I did get to see some of the little things that go on behind the scenes at an Olympiad. To start with, the area is not great. It's industrial, which was to be expected because it's very close to the Atatürk airport. At the same time the players find it quite convenient. All the hotels are pretty close, and especially if you're in the WOW hotel (I'm not, but hopefully tomorrow!) the distance to the venue is walkable.

The WOW is also the place where the top teams are staying, and as I did have dinner there, I met with a few big names, such as Levon Aronian, Vladimir Kramnik and Wang Hao. The (quite decent) food is served in a huge room with round tables, so it's easy to recognize many teams sitting together and this actually adds to the specialy Olympiad atmosphere a lot.

Biel winner Wang Hao, left to coach Li Wenliang and also on the cover of the latest New in Chess magazine!

I also bumped into Evgeny Surov, the Russian journalist who still isn't allowed to enter the playing hall. He is wearing a T-shirt with the URL of his website and a text that goes along the lines of "Let us work!" Emil Sutovsky, the President of the ACP and member of the FIDE World Championship and Olympiad Committe (and team member of Israel) told me that already before the start of the Olympiad he has written a letter to Georgios Makropoulos, but the FIDE Deputy President hasn't replied yet...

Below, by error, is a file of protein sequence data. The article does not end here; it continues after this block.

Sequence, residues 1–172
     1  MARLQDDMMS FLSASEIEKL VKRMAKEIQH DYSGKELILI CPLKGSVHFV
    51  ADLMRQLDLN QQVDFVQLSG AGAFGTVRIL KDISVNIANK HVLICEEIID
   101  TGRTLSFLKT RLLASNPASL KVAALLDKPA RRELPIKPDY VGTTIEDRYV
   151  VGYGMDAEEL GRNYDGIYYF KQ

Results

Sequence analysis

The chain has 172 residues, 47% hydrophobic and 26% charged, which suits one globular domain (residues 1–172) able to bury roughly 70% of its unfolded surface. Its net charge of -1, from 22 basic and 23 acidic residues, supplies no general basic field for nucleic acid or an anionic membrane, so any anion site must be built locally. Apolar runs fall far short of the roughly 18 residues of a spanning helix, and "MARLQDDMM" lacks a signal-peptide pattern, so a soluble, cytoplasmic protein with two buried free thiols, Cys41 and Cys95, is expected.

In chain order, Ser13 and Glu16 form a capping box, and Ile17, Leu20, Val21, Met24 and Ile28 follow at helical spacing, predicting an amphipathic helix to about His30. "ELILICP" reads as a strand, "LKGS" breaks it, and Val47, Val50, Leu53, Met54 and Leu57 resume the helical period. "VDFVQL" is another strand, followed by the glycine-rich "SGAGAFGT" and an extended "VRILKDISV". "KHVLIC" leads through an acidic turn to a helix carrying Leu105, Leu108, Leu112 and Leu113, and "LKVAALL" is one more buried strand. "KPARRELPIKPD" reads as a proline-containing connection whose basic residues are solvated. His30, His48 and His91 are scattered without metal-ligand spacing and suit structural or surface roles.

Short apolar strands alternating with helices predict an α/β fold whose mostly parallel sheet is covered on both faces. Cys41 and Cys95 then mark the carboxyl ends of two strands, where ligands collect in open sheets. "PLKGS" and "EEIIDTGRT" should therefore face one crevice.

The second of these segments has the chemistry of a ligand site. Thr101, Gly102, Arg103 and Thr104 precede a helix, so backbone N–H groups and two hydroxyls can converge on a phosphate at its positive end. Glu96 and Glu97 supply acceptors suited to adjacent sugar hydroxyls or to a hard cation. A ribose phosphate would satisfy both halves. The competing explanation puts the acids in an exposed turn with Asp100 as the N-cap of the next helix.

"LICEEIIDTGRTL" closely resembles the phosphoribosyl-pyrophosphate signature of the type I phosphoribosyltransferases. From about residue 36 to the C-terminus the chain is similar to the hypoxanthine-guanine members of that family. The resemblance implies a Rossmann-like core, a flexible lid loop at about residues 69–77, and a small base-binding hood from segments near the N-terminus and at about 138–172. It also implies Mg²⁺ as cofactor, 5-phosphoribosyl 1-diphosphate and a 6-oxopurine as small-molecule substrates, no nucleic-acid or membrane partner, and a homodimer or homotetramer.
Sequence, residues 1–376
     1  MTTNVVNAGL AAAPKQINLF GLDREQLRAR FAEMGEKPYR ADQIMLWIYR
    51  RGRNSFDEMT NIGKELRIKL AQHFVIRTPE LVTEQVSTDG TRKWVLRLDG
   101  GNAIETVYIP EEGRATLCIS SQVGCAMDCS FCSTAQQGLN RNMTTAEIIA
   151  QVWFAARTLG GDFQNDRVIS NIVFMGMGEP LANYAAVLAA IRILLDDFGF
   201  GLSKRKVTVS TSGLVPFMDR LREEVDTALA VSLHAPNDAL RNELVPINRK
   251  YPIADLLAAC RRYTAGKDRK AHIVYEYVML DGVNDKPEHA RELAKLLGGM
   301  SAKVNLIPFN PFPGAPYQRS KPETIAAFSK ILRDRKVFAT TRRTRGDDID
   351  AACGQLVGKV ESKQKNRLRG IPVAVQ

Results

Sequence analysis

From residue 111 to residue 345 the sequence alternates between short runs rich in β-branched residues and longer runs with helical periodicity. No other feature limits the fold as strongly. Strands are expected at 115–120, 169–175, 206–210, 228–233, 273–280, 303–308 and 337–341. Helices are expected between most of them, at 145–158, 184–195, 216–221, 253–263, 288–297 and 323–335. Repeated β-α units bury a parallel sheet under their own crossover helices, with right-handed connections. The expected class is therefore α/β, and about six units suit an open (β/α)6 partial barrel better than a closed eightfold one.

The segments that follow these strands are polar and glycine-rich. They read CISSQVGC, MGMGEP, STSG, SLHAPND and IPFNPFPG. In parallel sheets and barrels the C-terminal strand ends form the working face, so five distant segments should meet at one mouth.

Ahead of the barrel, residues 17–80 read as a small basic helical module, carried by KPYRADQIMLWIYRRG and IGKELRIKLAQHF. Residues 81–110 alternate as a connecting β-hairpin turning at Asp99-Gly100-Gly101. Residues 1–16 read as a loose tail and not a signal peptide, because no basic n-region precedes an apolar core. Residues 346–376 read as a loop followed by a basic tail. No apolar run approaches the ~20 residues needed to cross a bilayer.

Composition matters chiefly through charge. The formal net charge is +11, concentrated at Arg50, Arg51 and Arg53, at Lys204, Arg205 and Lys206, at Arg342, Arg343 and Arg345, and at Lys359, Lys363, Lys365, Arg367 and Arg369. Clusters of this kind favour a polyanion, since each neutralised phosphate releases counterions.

So, on to the chess, where the board one encounter between Vladimir Kramnik and Levon Aronian was obviously the game of the day. In an Exchange Slav, Aronian as Black played an original (but not completely new) setup that included an early exchange of the light-squared bishops and a kingside fianchetto. Kramnik doubled rooks on the c-file and Aronian decided to do the same, but this failed tactically, as the former World Champion demonstrated in great style.

PGN string

The match Russia-Armenia under way

At a press conference after the game, Kramnik said:

As for my game it was really surprising. It went for me quite smoothly. Levon is absolutely a great player in a fantastic shape. Of course playing white my task was to try to press him and win. But somehow it went easier for me. Levon had an uncomfortable position out of the opening. Then he missed tactics with Nxb7 or maybe he missed Qb6. I don’t know exactly. But after that it was over and I just had to calculate the variations accurately. To my surprise I manage to do it.